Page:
Research Highlights Phone Radiation & Cancer Link In Rats

Details of new research paper were published yesterday. The headline aspect being that a connection was found between some forms of cancer and the radiation associated with cell phones. This has always been a topic for concern for devices like cell phones and while the general consensus is that there is a low risk of cancer-related issues with the use of cell phones, this latest report does prove to be interesting reading.

The study was undertaken by the National Toxicology Program, took place over a period of two years and at a cost of $25 million to fund. The study focused on the effects of cell phone radiation on rats. The research was conducted by using an experimental group of rats (those which were exposed to the cell phone radiation) and a control group (those which were not). The findings indicated that the experimental group saw a higher correlation with two types of tumors (heart and brain), compared to the control group. Therefore, noting a relationship between cell phone radiation and cancer.

However, while the study does add to the literature on the topic and will prove to be cause for further research, there are some notably aspects which are in play. Firstly, the most obvious one, this was researched conducted on rats and does not necessarily transpose to humans. So while the findings do suggest there could be a relationship between certain types of cancer and cell phone radiation, it does only suggest this in the case of rats. Not to mention, the same study does seem to suggest that not all rats responded in the same way. For instance, the study only found a correlation between male rats. There was no association (at least to a significant value) with tested female rats. And the rats which did show a reaction, were said to have exhibited a “low incident” reaction. So while the findings are interesting and do add to growing literature on the topic and especially considering the size, scale and cost of this particular research, they are by no means conclusive or to be taken as a direct observation on the use of mobile phones by humans. Although, this is certainly likely to open the door to more research on the topic.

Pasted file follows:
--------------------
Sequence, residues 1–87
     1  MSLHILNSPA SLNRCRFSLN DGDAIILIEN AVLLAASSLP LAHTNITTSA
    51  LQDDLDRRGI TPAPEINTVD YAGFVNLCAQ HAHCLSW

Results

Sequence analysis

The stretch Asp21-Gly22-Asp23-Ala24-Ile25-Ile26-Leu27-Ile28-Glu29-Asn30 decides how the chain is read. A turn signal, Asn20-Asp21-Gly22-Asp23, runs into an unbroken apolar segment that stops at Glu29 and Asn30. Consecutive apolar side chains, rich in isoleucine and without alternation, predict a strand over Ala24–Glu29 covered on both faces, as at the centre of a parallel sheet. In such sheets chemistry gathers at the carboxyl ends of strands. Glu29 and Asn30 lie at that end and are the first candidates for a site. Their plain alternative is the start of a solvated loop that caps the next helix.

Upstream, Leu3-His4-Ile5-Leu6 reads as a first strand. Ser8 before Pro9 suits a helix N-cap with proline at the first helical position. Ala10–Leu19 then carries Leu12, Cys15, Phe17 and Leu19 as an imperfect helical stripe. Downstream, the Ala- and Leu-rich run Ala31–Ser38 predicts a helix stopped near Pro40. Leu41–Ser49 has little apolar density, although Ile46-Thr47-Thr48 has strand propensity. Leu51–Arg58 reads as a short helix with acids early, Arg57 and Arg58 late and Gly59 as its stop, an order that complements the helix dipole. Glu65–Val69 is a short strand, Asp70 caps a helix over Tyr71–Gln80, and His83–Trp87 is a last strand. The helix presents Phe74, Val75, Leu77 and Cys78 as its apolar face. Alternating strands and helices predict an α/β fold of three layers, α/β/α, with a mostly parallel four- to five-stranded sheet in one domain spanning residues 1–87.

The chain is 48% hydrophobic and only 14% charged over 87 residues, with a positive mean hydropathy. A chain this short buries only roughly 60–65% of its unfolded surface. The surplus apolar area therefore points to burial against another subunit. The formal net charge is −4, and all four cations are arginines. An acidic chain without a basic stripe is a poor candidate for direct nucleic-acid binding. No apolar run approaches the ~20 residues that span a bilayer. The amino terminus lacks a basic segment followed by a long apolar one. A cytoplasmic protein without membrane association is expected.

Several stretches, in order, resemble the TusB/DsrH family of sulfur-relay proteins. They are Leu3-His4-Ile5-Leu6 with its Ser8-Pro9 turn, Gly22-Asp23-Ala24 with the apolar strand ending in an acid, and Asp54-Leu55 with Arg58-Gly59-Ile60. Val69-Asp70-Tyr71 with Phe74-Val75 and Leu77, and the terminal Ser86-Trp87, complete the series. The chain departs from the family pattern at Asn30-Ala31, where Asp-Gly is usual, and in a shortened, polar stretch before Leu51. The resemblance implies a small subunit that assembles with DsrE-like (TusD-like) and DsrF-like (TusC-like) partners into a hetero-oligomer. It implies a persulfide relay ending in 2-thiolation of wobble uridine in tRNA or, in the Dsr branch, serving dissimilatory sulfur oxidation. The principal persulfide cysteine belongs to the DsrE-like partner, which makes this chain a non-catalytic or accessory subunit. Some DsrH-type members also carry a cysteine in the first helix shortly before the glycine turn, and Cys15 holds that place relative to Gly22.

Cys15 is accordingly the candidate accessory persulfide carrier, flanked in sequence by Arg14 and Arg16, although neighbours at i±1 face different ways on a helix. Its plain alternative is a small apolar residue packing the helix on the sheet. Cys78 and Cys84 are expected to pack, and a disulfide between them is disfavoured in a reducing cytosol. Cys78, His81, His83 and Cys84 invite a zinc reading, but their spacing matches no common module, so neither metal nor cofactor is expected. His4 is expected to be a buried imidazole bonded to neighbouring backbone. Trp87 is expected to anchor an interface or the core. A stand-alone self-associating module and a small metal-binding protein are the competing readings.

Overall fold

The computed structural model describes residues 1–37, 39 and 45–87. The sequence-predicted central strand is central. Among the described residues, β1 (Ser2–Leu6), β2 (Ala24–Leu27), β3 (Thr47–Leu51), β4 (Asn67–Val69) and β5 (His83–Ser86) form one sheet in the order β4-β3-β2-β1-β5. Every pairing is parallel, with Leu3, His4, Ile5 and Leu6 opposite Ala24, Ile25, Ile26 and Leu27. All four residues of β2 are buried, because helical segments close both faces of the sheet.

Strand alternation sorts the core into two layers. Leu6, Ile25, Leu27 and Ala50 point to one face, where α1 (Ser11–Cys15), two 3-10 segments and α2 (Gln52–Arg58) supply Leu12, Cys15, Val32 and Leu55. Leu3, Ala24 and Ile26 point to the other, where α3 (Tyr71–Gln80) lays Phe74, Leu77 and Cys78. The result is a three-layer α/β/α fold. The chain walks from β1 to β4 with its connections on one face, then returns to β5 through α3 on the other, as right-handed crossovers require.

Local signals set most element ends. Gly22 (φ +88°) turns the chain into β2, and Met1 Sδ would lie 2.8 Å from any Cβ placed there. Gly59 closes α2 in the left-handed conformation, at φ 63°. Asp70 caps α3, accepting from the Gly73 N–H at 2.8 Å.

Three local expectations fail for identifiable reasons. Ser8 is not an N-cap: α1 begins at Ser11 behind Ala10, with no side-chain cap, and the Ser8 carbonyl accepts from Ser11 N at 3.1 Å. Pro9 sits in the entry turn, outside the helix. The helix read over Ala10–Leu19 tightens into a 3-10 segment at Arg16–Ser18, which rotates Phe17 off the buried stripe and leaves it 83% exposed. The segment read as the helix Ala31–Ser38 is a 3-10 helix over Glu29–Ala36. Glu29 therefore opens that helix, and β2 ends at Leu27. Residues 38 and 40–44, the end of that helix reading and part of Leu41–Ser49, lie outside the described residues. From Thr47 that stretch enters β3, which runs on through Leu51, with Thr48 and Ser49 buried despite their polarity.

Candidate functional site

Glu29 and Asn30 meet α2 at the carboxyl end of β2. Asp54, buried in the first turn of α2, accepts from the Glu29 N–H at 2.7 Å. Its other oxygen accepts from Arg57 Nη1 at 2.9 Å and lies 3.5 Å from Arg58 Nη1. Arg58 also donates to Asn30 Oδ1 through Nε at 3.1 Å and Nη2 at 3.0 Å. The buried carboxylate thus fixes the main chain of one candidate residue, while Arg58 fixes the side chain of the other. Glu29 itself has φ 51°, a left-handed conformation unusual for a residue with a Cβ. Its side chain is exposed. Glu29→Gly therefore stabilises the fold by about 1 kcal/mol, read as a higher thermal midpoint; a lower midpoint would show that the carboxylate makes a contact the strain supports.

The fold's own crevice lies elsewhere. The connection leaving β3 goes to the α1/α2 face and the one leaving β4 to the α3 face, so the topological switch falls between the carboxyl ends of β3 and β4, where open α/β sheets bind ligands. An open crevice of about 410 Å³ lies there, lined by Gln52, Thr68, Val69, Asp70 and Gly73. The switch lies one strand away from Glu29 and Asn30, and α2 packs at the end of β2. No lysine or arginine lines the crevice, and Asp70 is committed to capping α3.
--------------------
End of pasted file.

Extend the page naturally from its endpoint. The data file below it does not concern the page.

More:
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About the Author
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John Anon

Editor-in-Chief
John has been writing about and reviewing tech products since 2014 after making the transition from writing about and reviewing airlines. With a background in Psychology, John has a particular interest in the science and future of the industry. Besides adopting the Managing Editor role at AH John also covers much of the news surrounding audio and visual tech, including cord-cutting, the state of Pay-TV, and Android TV. Contact him at [email protected]
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